Thoughtful gifts perfectly tailored to suit the person you’re sending them to… sounds a lot better than a bouquet of flowers, right?
For our latest #FemaleFounders interview, we caught up with Steph Douglas, Founder of Don’t Buy Her Flowers (DBHF) – a bespoke gift package organisation built around thoughtfulness. Since 2014, Don’t Buy Her Flowers has been sharing the perfect gifts to help you celebrate a special occasion, offer your commiserations or simply just show that you care – even when you can’t be there.
Steph also hosts the Don’t Buy Her Flowers podcast where she invites guests to talk frankly about life – break-ups, love, friendships, sadness – and the ‘rush hour’ that many of us feel we’re living in.
Join us as we talk to Steph about her experience of building DBHF and finding the company’s ‘new normal’ in a post-pandemic world.
1. Which three skills would you say are crucial to being a founder?
- Ability to adapt quickly
2. What is your favourite thing about being a business owner?
I feel really proud, actually. Not only of myself but of the team and brand we’ve built. It’s emerged that part of our workplace culture is seeing skills in people that they might not even recognise in themselves, and encouraging them in the business. Seeing other people feel energised to work at Don’t Buy Her Flowers (DBHF) is an awesome feeling!
3. What have you found challenging about starting your business?
The most challenging thing at the beginning was recognising that there is always more to do, something to finish or a new idea to develop. You will never be ‘done’.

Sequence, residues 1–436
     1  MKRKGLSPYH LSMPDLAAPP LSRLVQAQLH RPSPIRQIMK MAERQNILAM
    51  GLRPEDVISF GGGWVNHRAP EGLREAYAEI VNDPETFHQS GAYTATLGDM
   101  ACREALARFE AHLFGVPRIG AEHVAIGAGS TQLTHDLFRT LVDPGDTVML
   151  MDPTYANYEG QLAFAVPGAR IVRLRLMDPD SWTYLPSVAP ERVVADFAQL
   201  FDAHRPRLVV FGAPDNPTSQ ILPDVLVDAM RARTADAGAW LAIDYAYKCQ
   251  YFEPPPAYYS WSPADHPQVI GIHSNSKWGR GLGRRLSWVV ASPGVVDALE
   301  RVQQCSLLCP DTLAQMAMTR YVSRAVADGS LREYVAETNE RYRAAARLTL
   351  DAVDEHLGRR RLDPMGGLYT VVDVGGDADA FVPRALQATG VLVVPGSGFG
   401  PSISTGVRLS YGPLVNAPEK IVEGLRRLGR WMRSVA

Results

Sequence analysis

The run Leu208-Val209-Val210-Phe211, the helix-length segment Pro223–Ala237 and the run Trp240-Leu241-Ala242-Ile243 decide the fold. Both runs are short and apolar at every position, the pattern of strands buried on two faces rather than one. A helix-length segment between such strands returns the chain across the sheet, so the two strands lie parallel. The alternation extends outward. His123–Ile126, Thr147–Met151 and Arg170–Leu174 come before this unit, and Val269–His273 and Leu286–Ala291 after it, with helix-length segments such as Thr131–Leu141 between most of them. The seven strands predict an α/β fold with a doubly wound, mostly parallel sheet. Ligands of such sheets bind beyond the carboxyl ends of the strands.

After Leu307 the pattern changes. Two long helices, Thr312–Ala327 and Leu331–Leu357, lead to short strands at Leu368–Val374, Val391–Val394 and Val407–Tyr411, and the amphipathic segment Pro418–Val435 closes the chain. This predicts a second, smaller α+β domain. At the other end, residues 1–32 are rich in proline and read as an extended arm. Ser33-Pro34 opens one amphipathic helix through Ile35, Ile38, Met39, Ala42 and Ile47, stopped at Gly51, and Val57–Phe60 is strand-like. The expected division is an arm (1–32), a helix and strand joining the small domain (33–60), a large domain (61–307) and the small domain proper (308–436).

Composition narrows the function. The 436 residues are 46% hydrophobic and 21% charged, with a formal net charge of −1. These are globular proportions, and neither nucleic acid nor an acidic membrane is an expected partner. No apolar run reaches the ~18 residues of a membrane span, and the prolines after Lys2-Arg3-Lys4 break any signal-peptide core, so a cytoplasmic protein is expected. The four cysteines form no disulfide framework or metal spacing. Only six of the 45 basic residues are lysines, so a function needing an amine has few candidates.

If you don’t pause to reflect on what has been achieved or stop to enjoy the process, it starts to feel relentless and overwhelming. It also makes you think what is the point? I found that particularly hard at the start. But, having a family actually helps. At times, I have to stop – they demand it! It’s an ongoing process. In fact, as I’m answering these questions, it’s a Sunday morning and I’m in my pyjamas. So, it’s not always easy.
4. What are the biggest barriers you face when it comes to growing your business?
We’ve grown steadily year on year since we launched in 2014 and we’ve chosen not to take investment up to now. That means we continually reinvest profits and grow in a deliberate, incremental way. If we had a big pot of money there would be a huge amount that we could do. The brand is strong, the business model has proven itself and it’s scalable, so for us, it’s just a case of reaching more people. The concept really does sell itself once people know what we do, and a high percentage of our customers return.